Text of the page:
A French proverb tells us that only fools and children speak the truth.
Many children grow up believing in the tooth fairy, Santa Claus and the Easter Bunny. It obviously isn’t because they researched the issue on what happens to their teeth after they put them under their pillows or how a sleigh run by reindeers can fly all over the world in one night.
Someone told them to believe it.
I believed in these things as a kid because it felt good. I liked to believe that someone was thinking about me and giving me rewards.
It was all plausible to me because I did not give the details of any of these myths much of a thought.
For most of us where I grew up, these were among the first things that someone (i.e. adults) told us to believe. The beliefs of the tooth fairy, Santa Claus and the Easter Bunny were our first official theories.
We laughed off any suggestion that they were not real. After all, everyone we knew believed in them, so we did, too. Anyone who said anything to the contrary was not with us. They were just foolish.
The best theory in alternative to the official one was, of course, the theory that adults were lying to us about where the money we would find underneath our pillows or gifts under the Christmas tree would come from. Our parents – lie to us?
It was a lie to help us enjoy our childhood, long before we became adults ourselves and faced big responsibilities. The lie made us feel safe. Never mind it was barely plausible.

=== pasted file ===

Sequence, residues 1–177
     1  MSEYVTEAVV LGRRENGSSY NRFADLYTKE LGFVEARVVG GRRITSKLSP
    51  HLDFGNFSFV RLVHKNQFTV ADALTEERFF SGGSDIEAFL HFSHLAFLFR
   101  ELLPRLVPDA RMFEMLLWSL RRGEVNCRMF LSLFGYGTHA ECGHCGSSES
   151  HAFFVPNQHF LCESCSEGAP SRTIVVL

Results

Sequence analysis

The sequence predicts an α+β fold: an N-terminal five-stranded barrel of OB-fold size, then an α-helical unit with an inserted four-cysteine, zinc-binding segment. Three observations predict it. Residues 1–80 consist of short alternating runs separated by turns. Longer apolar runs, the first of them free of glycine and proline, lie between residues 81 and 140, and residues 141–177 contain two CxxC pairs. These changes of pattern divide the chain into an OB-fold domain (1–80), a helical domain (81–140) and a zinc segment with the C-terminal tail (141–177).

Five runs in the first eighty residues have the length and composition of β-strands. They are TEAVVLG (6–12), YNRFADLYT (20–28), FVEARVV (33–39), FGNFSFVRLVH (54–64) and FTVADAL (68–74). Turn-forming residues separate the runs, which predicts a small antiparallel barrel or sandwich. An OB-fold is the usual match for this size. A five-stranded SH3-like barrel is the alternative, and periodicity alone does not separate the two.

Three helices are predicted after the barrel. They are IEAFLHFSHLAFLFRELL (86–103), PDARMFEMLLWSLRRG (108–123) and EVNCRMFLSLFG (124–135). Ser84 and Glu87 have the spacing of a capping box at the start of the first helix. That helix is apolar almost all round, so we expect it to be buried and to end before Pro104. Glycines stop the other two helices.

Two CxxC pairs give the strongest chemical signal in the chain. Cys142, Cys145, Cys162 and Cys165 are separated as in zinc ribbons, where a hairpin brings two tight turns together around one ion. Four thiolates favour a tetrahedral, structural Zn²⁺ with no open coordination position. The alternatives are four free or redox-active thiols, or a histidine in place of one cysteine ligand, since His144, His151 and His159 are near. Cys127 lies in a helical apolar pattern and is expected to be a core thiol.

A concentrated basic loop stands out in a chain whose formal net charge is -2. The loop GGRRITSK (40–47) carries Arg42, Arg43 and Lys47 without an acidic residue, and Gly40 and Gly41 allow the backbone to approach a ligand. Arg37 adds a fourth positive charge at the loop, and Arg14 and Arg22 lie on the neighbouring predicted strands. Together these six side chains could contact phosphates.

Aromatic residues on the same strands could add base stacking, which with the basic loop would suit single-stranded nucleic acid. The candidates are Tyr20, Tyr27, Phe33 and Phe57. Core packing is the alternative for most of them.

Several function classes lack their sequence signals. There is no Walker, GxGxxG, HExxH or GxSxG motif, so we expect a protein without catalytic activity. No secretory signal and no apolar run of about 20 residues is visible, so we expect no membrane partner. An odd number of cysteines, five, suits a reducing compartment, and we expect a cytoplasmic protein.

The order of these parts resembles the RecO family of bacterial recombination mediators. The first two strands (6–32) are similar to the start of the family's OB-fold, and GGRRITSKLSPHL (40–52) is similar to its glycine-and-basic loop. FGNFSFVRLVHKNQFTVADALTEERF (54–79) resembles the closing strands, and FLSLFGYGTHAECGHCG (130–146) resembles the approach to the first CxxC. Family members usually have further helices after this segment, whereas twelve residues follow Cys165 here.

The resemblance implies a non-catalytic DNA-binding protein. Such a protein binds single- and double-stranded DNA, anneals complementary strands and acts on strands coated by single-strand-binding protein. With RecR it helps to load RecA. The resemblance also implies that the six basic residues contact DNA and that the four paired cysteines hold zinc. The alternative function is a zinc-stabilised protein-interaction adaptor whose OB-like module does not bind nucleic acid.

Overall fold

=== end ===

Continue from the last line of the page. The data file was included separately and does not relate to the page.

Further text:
But the white lies didn’t stop there. And it wasn’t just being lied to, either.
We learned to lie and accept lies out of comfort. I could not stand eating certain vegetables as a child. I also learned my mom feared looking old. So, at around the age of eight, I lied to my mom by telling her she looked 30 (she was 31 when I was born) to get her approval to skip the vegetables.
In high school, I had a date with a girl who offered no opinions, thoughts or ideas on anything during our dinner. I should have told her that I did not want to see her again. Instead, to avoid the discomfort of dirty looks from her friends who were in my classes, I waited for her to tell me that I was not a high priority.
I don’t know who told the lie that I just needed to get a bachelor’s degree to get a good job. But I felt conditioned to believe it. Then I discovered the cold truth when I took a job shortly after college graduation that did not even pay minimum wage and for which I slaved to try to please a boss who could not be pleased.
We are simply conditioned to avoid truths that would wake us from our slumber of comfort. We are conditioned to respond negatively to unpleasant truths.
I had trouble believing any of my English ancestors held slaves. My family wouldn’t do that! But I couldn’t help but notice a black man named Edgerton Hartwell while watching National Football League games. There were so few blacks in England during the time my ancestors were there, the proof that people I am related to owned slaves stares back at me.